The Roar
The Roar


I hope the selectors won't pick Shaun Marsh... But I think they will

Shaun Marsh scored 180 but may lose his spot. (AP Photo/Themba Hadebe)
Roar Guru
23rd October, 2015
1773 Reads

When picking an Australian top six for the upcoming series against New Zealand, one could argue the only locks in this batting line-up are newly appointed captain and vice-captain Steve Smith and David Warner.

It seems four of Adam Voges, Usman Khawaja, Joe Burns, Cameron Bancroft and Shaun Marsh will be fitted in the remaining places.

And I, like many, think Australia can do better than play Shaun Marsh.

He is in a good patch of form at present, slashing big scores all around New South Wales in the Domestic One-Day Cup, and we know the increased impact that 50-over runs has had on the selectors in recent years.

Yet is this really a surprise? We have known for a long time what a dangerous limited-overs batsman Marsh is, and this preparation isn’t quite the same as facing Trent Boult and Tim Southee raring to go with a swinging Kookaburra in hand.

While he filled the void for Chris Rogers in the two Tests in the Caribbean earlier this year, his sole appearance in the Ashes saw him out for 0 and 2 in the fourth Test. Granted he wasn’t the only one who failed, as Australia wilted for just 60 in the first innings.

Marsh’s biggest deficiencies at Test level have been handling the ball when it is swinging on and around his off stump, and getting himself past 20 or 30. Once he gets himself set he can be very hard to stop, looking super classy and fashionable. However, while Marsh can get himself in, he can just as easily get himself out.

Marsh has never really nailed down a spot in the Australian top six, being drafted in and out time and again depending on need or injuries.

At 32 years of age, how much longer will he be persisted with, and how many more chances will he get? I understand he has only played 15 Tests, yet his paltry average of 33 is skewed by the fact he has scored two big centuries. Most of his other numbers don’t make for exciting reading. He has posted 17 scores of less than 20, and 11 single-figure scores, seven of which have been without scoring. It’s easy to be blinded by his numbers on face value.


The Australian selectors must go with youth, and while they will, they would be better not including Marsh. A pick-and-stick approach is the only way now. Warner, Smith and Voges will provide experience and stability, in the three remaining spots let’s see what some others, even untried ones, can do.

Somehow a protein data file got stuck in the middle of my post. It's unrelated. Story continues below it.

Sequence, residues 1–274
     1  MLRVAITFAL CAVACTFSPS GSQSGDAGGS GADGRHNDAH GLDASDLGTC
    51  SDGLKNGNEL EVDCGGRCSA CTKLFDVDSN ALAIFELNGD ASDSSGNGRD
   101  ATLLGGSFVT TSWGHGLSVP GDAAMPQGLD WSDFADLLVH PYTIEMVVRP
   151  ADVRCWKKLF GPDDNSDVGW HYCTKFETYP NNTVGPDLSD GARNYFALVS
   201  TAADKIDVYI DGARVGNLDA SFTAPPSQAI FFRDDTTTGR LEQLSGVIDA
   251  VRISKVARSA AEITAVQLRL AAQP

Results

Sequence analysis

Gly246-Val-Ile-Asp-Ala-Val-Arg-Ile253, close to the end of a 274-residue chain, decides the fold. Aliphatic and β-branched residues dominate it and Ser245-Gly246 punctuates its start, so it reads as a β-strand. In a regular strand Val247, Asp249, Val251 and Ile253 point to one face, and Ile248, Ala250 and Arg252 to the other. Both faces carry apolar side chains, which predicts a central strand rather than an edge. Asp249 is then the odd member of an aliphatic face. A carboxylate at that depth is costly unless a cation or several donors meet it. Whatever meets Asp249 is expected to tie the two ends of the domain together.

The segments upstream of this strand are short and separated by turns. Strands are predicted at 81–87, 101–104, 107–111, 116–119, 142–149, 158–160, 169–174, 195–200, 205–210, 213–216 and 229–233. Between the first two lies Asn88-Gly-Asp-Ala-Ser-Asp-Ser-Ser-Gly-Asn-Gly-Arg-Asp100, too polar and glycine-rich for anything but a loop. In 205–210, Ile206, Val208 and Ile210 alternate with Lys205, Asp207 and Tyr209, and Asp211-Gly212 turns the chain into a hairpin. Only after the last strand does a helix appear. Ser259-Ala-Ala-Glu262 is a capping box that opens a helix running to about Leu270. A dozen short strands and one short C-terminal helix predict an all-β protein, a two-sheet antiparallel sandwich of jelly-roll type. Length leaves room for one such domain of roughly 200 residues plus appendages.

Yet despite my personal preference that the selectors not pick Marsh, I believe they will. Widely known as a favourite of the selectors for some time now, his regular failures don’t seem to phase the selection committee.

Don’t get me wrong, there are some exciting aspects of Marsh’s game; his classy style and range of shots mean he is capable of just about anything. He can make batting look easy when he is set, in a similar way Mark Waugh once did. But please don’t think I’m even vaguely comparing the two. Marsh’s continual weaknesses leave him vulnerable and perhaps out of his depth at Test level.

Marsh made some solid contributions last summer, albeit against an at times pedestrian and lifeless Indian attack. His 99 at the MCG deserved to be a hundred before he was run out.

The selectors have maintained a fascination with Marsh and his alleged potential, which is becoming irrelevant in 2015 as Marsh is 32. He has made a handful of large scores in the One-Day Cup – perhaps the selectors’ most useful tool. He has played a fair chunk of Test cricket in the last 12 months so will, in the selectors’ minds, add experience to the batting order, as the prospect of Cameron Bancroft, Joe Burns and Usman Khawaja all in the same top six leave it looking a little green.

I would not like to see Shaun Marsh in the XI when the first ball is bowled at the Gabba on November 5.

But I think we will.